Johannesburg - The festering inter-governmental trade squabble between the US and South Africa is threatening to seriously dent the automotive industry’s lucrative trade with the US.
This follows a report last week that the US had vowed to press ahead with a review that could cut South Africa’s access to the Africa Growth and Opportunity Act (Agoa) trade benefits after South Africa missed a key deadline for resuming US poultry imports.
The South African government later denied it had missed a deadline for resuming imports, claiming instead that the deadline that had been missed by both countries related to an agreement on new animal health and safety rules.
Duty benefits available on exports into the US through Agoa have benefited trade between the two countries.
There has been a 264.4 percent increase in automotive exports from South Africa to the US between 2001, when Agoa commenced, and 2014, according to the National Association of Automobile Manufacturers of South Africa (Naamsa) and National Association of Automotive Component and Allied Manufacturers (Naacam).
In the same period, automotive exports from the US to South Africa increased by 397.5 percent, while total automotive trade between the two countries increased by 309.1 percent to R28.96bn, the organisations said in a submission in August to the Agoa implementation sub-committee of the Trade Policy Staff Committee, in response to the “out of cycle” Agoa review of South Africa.
Duane Newman, a director of Cova, a tax and government incentive advisory services company, said the US was a large investor in South Africa and Agoa had created further export opportunities for many businesses, especially in the automotive sector.
“It is vital that all stakeholders do their best to ensure these investments, and ultimately the jobs, are protected,” he said.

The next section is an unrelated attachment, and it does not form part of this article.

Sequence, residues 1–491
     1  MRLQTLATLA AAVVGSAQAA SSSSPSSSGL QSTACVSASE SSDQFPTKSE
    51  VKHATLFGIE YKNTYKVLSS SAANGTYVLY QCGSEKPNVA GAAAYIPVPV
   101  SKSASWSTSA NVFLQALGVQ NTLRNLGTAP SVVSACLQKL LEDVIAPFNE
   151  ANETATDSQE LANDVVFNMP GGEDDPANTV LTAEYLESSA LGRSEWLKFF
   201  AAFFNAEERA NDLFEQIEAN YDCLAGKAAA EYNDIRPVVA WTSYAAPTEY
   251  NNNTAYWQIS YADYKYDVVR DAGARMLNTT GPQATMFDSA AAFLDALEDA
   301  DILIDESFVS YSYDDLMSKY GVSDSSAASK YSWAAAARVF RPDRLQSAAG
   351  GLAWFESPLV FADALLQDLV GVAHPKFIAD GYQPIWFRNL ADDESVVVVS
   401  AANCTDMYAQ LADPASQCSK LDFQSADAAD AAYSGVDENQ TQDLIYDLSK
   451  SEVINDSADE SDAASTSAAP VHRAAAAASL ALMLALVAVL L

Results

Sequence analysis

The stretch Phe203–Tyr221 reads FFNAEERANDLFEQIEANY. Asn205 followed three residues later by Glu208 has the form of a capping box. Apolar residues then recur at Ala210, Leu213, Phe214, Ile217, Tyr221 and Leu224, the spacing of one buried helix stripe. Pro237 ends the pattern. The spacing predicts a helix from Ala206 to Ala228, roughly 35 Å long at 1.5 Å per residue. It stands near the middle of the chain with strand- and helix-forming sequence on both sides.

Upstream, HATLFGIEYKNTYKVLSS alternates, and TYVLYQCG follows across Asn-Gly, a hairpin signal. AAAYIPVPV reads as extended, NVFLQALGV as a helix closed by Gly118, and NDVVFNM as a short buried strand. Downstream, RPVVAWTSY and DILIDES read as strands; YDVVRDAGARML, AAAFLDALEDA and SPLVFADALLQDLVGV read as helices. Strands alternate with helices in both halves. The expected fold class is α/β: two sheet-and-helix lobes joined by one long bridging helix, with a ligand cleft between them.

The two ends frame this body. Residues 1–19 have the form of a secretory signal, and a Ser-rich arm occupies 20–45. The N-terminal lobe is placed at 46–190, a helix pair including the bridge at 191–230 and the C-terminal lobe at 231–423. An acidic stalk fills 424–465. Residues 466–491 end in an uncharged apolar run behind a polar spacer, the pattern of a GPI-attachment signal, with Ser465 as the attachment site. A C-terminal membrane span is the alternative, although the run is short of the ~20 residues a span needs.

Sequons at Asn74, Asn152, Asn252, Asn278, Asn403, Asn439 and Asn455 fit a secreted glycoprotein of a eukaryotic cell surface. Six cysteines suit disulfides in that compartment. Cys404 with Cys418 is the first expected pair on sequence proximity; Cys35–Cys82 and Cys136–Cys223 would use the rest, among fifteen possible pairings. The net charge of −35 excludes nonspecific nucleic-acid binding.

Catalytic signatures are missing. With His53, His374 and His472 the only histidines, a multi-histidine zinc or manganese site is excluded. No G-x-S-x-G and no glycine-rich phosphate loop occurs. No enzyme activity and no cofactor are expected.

Azar Jammine, the chief economist at Econometrix, said there was a little bit of ambiguity about the stumbling blocks for Agoa. He said they might not be linked as much to poultry issues and a more serious threat to Agoa was the proposed legislation that would limit foreign ownership of private security companies in South Africa.
He believed there was a lot of posturing by both countries and was unsure whether the US was trying to retaliate “for the anti-US stance the South Africa government seems to be playing with all the time”.
BMW South Africa is the biggest potential loser from any loss of Agoa benefits.
Tim Abbott, the managing director of BMW SA, said this month that its plant in Rosslyn in Pretoria would produce 72 000 3-Series models this year that were exported all around the world, with about 42 percent exported to the US.
The BMW board of management member responsible for sales and marketing, Ian Robertson, said the planning was far advanced for the manufacture of a new model at the Rosslyn plant.
However, Robertson stressed this decision was not dependent on the renewal of Agoa.
He said the benefits of Agoa were viewed as “the cherry on the top” because it was not a good business case if production and investment decisions were dependent on them.
Norman Lamprecht, the executive manager at Naamsa, said the US was an important export destination for South Africa’s automotive industry and the top destination for vehicle exports in recent years.
He said automotive exports to the US would continue in the short term if Agoa disappeared, but had cost implications.
Lamprecht expressed confidence that the South African government would sort out the disagreements before the US made any recommendation to either include or exclude South Africa from Agoa.
Edward Makwana, a BMW SA spokesman, said the group supported Agoa as a successful vehicle to promote African exports and strengthen Africa’s political and economic development. “We see Agoa as a political and economic anchor in the region that supports economic and political development in the country,” he said.
Makwana said BMW SA was unable to comment further until a final decision was reached by the US Congress at the end of next month.